Target has come under fire after issuing a statement that emphasized that the company believed in equality and inclusivity, after a few states began considering and/or passing laws that prohibited transgendered people from using the bathroom of the gender that they identified with. Target’s statement welcomes employees and customers to use the restroom that correspond to the individual’s gender identity, rather than their sex at birth.
The company’s stance has resulted in backlash from those that believe that the company should restrict restroom use by birth gender. Most notably, the backlash includes a boycott sponsored by a conservative Christian organization. At least one man is alleged to have decided that boycotting the store was not enough and opted to express his disapproval inside a local store.
On May 2, 2016, the Bradley Police Department, in Bradley, IL, received a report of an active shooter in a local Target. When the police arrived, there had been no shots fired and the person that was alleged to have caused the panic, Michael Merichko, did not have a gun in his possession. It was reported, however, that Merichko shouted “America is going to hell” before leaving the store. He was arrested and charged with disorderly conduct.
There is a fine line between a protest and disorderly conduct. The Constitution guarantees the right to peacefully assemble; however, if a protest is disruptive to the entity that is being protested or the public in general, that behavior may be deemed disorderly conduct, which is a criminal offense.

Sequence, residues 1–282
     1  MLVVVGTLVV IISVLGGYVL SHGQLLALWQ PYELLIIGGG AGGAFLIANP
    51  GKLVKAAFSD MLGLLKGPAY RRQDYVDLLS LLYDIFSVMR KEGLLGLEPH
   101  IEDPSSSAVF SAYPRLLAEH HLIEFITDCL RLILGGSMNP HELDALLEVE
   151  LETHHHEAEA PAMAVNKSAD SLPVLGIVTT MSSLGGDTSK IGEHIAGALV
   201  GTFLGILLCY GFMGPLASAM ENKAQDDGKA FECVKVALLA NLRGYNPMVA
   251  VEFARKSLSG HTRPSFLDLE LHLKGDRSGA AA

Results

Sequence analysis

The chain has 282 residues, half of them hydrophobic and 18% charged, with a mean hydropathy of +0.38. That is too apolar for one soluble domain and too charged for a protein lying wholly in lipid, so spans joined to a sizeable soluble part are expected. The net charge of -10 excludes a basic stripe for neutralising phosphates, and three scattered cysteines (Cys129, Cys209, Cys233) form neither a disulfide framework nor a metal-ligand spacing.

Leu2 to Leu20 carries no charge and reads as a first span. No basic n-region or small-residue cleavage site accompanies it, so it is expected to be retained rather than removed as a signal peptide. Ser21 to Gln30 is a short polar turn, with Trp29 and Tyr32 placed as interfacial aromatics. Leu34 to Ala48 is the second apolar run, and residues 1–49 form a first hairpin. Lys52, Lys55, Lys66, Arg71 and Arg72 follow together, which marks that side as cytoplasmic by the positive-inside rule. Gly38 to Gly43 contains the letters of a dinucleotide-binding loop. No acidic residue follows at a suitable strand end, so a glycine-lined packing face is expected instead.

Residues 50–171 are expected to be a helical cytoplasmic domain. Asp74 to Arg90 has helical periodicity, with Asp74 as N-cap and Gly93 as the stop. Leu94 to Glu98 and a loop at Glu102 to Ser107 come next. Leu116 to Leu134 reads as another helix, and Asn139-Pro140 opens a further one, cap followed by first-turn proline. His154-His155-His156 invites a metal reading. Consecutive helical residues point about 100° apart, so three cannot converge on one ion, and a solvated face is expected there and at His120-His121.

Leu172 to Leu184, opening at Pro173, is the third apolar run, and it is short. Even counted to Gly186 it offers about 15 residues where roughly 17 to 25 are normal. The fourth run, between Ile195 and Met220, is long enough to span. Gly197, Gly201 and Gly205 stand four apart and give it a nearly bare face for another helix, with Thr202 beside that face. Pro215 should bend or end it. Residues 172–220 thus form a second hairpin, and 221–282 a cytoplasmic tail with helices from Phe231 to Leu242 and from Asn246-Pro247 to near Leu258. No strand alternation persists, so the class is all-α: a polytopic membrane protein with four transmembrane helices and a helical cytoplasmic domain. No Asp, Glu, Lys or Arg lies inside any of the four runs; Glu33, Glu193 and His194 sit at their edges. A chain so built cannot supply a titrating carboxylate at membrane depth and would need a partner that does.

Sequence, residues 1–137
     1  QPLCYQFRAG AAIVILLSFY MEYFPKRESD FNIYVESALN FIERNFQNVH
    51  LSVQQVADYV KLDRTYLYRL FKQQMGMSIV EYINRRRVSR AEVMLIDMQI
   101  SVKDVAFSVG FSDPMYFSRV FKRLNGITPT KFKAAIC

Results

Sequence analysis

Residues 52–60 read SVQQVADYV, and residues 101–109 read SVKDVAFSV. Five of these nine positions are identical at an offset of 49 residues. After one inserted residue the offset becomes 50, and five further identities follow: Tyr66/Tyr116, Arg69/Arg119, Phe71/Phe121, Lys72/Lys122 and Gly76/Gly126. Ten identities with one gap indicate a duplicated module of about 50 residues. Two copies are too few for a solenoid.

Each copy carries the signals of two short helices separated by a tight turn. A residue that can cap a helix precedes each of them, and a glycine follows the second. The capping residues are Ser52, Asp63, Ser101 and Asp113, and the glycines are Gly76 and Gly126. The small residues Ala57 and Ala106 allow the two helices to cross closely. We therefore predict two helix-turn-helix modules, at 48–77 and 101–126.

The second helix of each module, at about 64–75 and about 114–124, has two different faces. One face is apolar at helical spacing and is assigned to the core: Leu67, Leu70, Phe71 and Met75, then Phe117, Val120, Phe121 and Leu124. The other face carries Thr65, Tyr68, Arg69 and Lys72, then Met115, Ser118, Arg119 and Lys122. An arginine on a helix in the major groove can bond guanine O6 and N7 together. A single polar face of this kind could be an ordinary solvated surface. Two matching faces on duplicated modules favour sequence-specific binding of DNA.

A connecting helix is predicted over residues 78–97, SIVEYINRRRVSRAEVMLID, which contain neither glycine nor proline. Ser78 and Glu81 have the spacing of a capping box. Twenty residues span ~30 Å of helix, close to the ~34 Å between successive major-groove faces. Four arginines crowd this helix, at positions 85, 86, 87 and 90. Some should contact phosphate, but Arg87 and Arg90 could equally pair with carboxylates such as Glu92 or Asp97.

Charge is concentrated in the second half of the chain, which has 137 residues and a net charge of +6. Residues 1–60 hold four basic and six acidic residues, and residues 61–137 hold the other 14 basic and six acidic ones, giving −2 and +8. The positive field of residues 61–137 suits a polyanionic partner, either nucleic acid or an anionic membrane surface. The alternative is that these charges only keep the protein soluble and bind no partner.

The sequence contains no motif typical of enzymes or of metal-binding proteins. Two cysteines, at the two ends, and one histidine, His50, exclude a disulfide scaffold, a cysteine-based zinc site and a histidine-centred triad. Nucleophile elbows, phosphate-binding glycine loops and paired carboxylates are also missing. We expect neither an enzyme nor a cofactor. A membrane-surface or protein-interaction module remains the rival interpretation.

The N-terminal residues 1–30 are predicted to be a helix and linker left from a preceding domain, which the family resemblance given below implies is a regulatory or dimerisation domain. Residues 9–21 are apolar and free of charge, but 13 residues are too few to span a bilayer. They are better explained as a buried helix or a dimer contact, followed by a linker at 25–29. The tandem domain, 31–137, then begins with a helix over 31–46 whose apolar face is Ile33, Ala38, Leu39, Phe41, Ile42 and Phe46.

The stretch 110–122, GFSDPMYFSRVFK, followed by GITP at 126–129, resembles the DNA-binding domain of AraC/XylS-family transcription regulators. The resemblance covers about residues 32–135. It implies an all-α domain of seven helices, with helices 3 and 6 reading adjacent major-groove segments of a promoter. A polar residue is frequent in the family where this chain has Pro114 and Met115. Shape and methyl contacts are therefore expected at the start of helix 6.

In Virginia, a person is guilty of disorderly conduct if he or she causes public inconvenience, annoyance, or alarm, either intentionally or negligently, by engaging in behavior that tends to provoke violence. It is also disorderly conduct if an individual intentionally or while intoxicated disrupts funerals or memorial services, government meetings, school activities, and places of worship as long as the disruption interferes with the activity or tends to provoke a violent response. The penalty for disorderly conduct is up to 12 months incarceration, a fine of up to $2,500, or both.
Alexandria criminal lawyer Mary Nerino commented, “being arrested for shouting is a bit of a stretch…it is likely the officers were simply trying to de-escalate the situation, but a person really shouldn’t be facing criminal charges of disorderly conduct in a situation like this.”
People remain free to protest for any reason that they deem necessary; however, when doing so, it is best to be cognizant of the restrictions to that freedom to avoid criminal charges.